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WASHINGTON (Reuters)—U.S. Supreme Court justices admitted Tuesday that they were confused by a 1986 law that seeks to make sure that vaccine makers do not exit the business for fear of lawsuits while ensuring that children hurt by vaccines are compensated.
The justices' questions focused not on the facts of the case, but on the convoluted wording of the National Childhood Vaccine Injury Act of 1986.
What is not at issue is that 18-year-old Hannah Bruesewitz is disabled, requiring special care for life.
Nor is the question of whether the diphtheria-tetanus-pertussis, or DTP vaccine, she was injected with as an infant caused her seizures and consequent brain damage, or whether vaccine maker Wyeth, now part of Pfizer, is to blame.
The question is whether Hannah's parents, Russell and Robalee Bruesewitz, can sue.
They tried to take legal action under the vaccine injury law, a no-fault system designed to protect vaccine makers and families alike. It is funded by a tax on vaccines. Parents do not have to prove a vaccine caused their child's injury, but they do usually have to show that the child had an injury that could be caused by the vaccine.
But the court ruled against the Bruesewitz family and they turned to a state court, which said they are not allowed to do that under the 1986 law.
The Supreme Court is not expected to rule until next year, and their questions show the justices struggled to understand the meaning of the law and of the intended lawsuit.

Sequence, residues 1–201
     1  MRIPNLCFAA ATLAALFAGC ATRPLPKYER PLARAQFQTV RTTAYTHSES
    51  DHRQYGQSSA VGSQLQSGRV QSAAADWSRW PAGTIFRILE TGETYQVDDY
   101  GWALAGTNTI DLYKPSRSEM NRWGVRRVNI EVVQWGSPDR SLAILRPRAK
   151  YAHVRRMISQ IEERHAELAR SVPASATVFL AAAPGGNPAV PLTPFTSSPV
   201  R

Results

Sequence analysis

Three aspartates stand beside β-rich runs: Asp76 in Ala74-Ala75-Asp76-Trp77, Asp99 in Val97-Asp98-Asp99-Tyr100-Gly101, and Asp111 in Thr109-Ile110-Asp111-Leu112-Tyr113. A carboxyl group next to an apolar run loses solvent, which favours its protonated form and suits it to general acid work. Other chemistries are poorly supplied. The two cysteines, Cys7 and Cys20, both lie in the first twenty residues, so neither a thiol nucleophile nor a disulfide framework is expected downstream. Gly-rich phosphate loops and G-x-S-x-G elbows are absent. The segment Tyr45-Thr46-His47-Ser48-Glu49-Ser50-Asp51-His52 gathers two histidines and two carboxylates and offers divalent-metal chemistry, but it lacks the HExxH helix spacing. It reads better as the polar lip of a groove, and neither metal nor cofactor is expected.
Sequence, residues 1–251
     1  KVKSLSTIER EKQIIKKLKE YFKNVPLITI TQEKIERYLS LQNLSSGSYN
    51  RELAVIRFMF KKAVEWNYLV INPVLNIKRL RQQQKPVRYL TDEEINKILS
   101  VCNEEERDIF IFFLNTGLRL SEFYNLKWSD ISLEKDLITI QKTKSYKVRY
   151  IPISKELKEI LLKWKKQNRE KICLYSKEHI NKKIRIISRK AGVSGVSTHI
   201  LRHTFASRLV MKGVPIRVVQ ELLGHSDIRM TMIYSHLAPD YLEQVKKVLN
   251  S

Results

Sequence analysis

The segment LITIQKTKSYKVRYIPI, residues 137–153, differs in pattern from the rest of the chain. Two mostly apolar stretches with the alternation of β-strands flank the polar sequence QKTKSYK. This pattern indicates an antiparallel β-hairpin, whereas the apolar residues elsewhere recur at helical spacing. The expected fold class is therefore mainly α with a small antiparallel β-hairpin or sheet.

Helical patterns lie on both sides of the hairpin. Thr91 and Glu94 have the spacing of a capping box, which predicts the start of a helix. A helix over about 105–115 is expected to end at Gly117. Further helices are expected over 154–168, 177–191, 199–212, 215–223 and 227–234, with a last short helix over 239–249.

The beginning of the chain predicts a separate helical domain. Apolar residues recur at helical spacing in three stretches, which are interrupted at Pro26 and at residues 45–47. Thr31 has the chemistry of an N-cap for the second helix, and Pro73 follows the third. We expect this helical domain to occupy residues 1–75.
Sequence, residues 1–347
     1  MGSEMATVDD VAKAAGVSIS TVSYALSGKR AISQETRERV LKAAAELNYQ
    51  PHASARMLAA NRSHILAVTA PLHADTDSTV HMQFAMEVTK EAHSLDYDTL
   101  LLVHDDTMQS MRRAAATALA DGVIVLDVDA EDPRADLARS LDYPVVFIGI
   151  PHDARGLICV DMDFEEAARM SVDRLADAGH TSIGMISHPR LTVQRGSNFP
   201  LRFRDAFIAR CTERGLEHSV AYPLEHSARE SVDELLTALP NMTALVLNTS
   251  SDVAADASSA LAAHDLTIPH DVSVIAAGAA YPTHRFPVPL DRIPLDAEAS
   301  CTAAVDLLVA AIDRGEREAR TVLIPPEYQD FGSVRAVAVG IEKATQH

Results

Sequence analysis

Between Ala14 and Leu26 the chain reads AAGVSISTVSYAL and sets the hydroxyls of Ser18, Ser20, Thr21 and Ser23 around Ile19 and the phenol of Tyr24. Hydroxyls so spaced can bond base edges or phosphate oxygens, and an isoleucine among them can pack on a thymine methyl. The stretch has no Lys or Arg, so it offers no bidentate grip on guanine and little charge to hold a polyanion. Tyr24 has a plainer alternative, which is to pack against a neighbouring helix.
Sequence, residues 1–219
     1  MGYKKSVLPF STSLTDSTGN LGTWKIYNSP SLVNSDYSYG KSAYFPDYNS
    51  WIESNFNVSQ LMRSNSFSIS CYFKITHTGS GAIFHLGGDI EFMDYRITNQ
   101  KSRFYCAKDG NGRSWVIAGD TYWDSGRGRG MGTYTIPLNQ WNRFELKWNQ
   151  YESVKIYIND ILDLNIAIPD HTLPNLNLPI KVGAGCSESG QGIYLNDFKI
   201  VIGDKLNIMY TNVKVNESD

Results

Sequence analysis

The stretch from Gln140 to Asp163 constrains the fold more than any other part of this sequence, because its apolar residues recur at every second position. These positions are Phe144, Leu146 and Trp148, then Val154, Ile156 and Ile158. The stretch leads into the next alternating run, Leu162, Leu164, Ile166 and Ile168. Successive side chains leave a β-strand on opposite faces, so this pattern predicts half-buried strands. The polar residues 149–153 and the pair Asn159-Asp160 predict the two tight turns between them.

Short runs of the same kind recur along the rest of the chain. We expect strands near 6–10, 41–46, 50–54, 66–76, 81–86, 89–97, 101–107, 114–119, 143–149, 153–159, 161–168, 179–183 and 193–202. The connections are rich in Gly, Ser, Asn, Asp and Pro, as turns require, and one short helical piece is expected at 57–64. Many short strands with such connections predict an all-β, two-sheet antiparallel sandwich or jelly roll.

"What they—the language that they used is certainly, to say the least, confusing," said Justice Ruth Bader Ginsburg.
The Bruesewitzs argue that Wyeth knew the vaccine was old-fashioned and dangerous. The vaccine was taken off the market in 1998 and replaced.
Flood of suits
Pfizer, other vaccine makers and doctors groups argue that if the Supreme Court decides families like the Bruesewitzs can sue outside the vaccine court, a flood of lawsuits would follow—many by families who believe that vaccines cause autism.
Justice Sonia Sotomayor wondered what regulations require companies to determine if their vaccine is the safest one possible, or for the Food and Drug Administration to force them to comply.
"Because I don't see why they should stop until they have caused as many injuries as they need to before the FDA says stop," she said.
Justice Anthony Kennedy agreed. "The warning doesn't have to say, "Warning: We could make something better if we wanted to," he said.
But Kathleen Sullivan, representing Pfizer, said the FDA avoids that by working with companies and persuading them to pull risky vaccines off the market voluntarily.
David Frederick, lawyer for the Bruesewitz family, argued that other vaccines were available but Wyeth did not want to spend the time or money to replace its older version.
Ms. Sullivan denied this and said the FDA had not approved a newer version for infants when Hannah got her shot in 1992.
"You are shadowboxing against an infinite number of theories about how there could have been a safer vaccine," she argued.
The American Academy of Pediatrics, American Medical Assn. and other groups said the vaccine court was set up after a slew of lawsuits overwhelmed vaccine makers in the 1980s.
"A genuine threat to the public health emerged as manufacturers abandoned or considered abandoning the vaccine market," they said in a friend-of-the-court brief. They said the U.S. vaccine supply is still tenuous because so few companies make vaccines.
It has been a long and bitter confrontation: On one side are the parents who are convinced their children's autism has been caused by inoculations; on the other are the vaccine manufacturers and others who contend there is no reliable scientific evidence to support the allegations.